Couple feared being gay would get in way of becoming foster carers. They couldn’t have been more wrong
A gay couple who became foster carers open up about their fears and the rewarding realities of looking after children.
Bradleigh and Ricardo spent two years looking into surrogacy and IVF (in vitro fertilisation), but the costs and other barriers made them reconsider how they could include children in their lives.
“Then we were talking to friends who foster, and they were like: You should do fostering! You’d love it’,” Ricardo tells PinkNews.
The couple, from Essex, played with the idea for about a year. They went to a local open day with a list of questions and a promise to each other that they would take things slowly – they ended up beginning the fostering process that day.
“It was just one of the moments where it just felt right, like this is something we really could do’,” Bradleigh adds.
The number of children looked after, or in care, in England has risen in recent years, reaching 82,000 in 2022. Almost 70 per cent of looked after children lived with foster carers in 2021 – yet, the number of fostering applications has fallen, from 10,520 in 2018 to 8,280 in 2022.
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Ricardo says the open day opened their eyes to the circumstances that leave some children in care, including losing parents and being part of a police investigation.
While they were ready to open their home, they were concerned about how parents would react to the news their child was living with a gay couple.
“We felt like some people were going to be like: ‘I can’t leave my boy there. They’re going to turn him gay.’”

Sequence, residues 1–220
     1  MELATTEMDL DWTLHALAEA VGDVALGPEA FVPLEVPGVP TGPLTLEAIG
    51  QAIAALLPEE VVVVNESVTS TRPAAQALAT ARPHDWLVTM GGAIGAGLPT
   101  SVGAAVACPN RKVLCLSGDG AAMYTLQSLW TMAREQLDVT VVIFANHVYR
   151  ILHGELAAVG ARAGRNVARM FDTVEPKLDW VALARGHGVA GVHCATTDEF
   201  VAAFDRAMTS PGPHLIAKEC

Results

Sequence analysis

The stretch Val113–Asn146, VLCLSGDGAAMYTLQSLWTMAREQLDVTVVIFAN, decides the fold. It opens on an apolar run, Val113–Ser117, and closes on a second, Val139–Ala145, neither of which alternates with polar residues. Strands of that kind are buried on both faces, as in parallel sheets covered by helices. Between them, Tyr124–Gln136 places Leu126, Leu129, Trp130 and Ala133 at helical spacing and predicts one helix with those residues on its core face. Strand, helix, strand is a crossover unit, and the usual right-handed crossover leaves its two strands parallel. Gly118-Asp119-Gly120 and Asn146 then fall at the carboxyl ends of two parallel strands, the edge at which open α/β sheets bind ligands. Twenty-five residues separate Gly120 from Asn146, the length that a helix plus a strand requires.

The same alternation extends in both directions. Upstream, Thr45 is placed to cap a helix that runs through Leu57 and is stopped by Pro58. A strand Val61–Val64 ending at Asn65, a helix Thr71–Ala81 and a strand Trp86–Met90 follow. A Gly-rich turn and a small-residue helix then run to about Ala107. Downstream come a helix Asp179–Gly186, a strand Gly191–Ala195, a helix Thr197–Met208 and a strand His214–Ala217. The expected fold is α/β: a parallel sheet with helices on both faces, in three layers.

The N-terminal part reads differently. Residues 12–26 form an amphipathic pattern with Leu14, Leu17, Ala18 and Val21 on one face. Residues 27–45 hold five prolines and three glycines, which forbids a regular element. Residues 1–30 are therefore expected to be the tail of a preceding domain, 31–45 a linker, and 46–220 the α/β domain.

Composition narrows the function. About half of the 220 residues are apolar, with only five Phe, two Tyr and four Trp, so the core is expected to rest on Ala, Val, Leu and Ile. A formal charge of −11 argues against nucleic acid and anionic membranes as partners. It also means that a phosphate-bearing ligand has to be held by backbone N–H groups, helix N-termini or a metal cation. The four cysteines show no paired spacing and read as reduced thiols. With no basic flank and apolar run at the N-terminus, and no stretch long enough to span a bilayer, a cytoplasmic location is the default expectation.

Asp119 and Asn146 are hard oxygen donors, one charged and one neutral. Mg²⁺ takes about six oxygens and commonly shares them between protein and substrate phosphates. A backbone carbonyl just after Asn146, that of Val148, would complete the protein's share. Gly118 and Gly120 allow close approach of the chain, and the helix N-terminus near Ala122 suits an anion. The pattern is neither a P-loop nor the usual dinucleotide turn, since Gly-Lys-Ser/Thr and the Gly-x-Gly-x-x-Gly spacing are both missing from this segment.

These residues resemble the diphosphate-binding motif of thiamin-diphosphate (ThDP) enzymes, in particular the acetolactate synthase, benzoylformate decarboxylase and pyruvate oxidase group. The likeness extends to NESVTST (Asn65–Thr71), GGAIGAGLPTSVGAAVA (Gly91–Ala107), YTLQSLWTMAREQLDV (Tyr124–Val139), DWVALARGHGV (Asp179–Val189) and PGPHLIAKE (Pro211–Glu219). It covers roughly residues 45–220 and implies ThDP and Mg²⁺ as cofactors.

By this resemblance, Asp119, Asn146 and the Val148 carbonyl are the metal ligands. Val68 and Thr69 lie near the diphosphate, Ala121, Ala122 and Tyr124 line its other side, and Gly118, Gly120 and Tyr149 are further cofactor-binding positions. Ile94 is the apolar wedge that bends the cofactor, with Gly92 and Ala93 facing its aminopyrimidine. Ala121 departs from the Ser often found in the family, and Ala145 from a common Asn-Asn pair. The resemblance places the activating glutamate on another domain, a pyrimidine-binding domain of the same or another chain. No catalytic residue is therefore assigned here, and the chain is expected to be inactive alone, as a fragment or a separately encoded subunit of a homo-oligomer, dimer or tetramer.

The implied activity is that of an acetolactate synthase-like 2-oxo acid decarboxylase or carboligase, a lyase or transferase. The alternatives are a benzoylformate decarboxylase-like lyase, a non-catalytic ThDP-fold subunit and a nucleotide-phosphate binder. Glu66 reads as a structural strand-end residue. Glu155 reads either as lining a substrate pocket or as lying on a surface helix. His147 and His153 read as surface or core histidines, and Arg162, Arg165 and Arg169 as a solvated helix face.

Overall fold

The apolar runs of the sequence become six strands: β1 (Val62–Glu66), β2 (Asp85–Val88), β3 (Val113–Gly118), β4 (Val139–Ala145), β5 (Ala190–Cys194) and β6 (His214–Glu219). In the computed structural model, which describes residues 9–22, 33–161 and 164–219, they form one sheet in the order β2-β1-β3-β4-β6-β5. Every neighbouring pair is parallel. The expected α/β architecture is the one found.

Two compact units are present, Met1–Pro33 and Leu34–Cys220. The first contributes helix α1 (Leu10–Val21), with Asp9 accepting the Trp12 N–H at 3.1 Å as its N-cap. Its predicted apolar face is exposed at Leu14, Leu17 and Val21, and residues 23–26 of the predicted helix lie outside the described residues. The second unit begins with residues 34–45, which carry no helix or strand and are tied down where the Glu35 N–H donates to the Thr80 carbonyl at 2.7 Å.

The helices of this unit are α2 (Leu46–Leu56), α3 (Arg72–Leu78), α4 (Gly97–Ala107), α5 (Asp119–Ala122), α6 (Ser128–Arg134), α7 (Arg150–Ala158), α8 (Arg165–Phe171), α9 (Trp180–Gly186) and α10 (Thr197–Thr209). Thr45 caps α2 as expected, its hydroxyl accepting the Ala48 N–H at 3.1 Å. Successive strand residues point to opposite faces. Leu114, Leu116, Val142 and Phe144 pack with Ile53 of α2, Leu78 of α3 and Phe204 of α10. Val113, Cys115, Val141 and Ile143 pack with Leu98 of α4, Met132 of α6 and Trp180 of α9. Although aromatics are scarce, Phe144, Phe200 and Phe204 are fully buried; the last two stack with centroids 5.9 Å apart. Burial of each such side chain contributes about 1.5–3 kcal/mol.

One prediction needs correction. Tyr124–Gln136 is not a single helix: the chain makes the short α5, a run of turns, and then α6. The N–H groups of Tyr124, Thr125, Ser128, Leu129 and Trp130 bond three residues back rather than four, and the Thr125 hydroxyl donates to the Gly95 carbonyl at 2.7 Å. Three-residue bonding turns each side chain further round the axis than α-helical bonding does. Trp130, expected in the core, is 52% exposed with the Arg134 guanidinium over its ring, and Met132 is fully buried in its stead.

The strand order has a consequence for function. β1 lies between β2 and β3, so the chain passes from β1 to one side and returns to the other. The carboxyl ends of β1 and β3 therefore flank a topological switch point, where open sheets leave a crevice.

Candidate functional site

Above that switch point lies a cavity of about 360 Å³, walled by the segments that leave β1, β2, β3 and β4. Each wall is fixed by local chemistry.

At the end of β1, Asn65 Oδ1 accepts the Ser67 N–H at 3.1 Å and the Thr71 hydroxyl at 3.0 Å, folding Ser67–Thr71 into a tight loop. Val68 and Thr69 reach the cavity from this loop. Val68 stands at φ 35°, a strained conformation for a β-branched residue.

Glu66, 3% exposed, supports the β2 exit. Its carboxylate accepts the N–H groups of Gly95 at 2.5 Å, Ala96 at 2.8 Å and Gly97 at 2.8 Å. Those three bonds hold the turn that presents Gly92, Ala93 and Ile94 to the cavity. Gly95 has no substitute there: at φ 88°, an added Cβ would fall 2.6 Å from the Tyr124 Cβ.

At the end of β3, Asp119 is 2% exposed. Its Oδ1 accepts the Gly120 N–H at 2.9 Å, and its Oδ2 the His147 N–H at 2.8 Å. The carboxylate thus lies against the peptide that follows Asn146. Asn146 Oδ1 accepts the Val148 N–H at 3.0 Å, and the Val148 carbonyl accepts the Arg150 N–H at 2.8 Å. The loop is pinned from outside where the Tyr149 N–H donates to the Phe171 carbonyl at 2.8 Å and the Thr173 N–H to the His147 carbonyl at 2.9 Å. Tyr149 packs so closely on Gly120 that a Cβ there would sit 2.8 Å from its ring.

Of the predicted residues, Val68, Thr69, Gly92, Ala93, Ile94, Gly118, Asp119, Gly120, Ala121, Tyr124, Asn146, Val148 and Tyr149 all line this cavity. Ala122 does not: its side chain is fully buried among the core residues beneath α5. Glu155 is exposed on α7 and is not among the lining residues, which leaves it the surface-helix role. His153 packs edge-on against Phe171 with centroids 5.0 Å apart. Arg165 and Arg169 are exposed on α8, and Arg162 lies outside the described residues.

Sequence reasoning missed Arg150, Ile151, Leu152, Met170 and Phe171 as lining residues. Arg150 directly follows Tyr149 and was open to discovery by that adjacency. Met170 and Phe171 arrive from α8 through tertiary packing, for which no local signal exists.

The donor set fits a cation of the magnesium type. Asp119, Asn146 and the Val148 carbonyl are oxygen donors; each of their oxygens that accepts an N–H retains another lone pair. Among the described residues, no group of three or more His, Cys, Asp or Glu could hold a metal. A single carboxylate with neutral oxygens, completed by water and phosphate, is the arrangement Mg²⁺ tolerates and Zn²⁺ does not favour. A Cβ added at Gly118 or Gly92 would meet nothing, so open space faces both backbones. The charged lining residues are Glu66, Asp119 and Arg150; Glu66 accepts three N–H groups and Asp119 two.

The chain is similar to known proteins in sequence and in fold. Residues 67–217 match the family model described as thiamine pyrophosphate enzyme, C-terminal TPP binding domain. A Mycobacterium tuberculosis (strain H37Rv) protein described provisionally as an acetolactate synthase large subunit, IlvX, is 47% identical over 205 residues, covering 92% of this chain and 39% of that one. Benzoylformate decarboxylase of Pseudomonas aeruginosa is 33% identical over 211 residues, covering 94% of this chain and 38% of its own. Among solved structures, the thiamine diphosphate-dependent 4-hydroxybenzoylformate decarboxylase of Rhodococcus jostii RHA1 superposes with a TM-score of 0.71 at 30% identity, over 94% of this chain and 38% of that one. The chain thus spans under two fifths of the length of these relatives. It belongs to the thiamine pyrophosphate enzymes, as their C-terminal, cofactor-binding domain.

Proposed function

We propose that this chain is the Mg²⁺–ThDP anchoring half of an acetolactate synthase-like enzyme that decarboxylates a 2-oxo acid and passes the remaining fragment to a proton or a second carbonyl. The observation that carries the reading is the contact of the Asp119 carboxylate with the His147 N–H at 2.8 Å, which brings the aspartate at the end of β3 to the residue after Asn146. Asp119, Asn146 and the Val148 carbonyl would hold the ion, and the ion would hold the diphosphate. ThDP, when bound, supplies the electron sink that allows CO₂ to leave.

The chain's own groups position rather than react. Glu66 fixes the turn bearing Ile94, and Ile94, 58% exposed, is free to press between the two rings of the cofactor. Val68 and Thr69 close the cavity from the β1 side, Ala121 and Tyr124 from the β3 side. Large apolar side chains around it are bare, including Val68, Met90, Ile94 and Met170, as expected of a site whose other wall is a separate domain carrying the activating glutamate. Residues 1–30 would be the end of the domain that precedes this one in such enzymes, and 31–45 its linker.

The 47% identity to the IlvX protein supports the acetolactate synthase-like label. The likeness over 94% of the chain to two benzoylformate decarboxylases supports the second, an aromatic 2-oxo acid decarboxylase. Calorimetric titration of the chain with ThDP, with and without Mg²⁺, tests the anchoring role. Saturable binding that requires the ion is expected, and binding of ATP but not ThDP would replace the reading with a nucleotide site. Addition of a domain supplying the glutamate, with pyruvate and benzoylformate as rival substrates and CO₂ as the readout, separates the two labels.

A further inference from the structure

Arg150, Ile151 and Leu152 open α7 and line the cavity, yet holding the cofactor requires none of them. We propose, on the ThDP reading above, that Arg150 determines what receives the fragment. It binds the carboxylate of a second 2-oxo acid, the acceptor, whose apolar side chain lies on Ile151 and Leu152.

So far, parents have been accepting of them as foster carers. It’s made them realise “just how accepting everything actually has gotten in the last 10 years or so”.
It was quite exciting for them to finally get their first placement three months after they got approved. The couple initially met the kid over a camera chat because of COVID restrictions, but Bradleigh says there was an “instant connection” when they met him for the first time.
“We met him first over in a park for an hour, and it was just an instant connection because he just felt – I don’t know, I don’t know what it is,” he says. “He stayed for a week, and when he went back, it was really odd.”
“Adding a children to a house where you’ve never lived with a child before – it’s not a joke when people say it’s a big adjustment,” Ricardo adds. “It’s like throwing a party, and it ended early.”
When the kid returned later, Bradleigh remembers how he was “so excited to come back that he slipped on a doormat”.
He says many kids are “just looking for someone to provide that care” and “initial building blocks” they may have missed.
Thinking about advice they would give other LGBTQ+ couples looking at fostering, Ricardo says it’s important to remember: “A home is a home.”
“It doesn’t matter if you’re a man and a man, a boy and a girl, a home is a home,” he says. “It just needs stability. It just needs care. It just needs routine, and that’s all the children need.”
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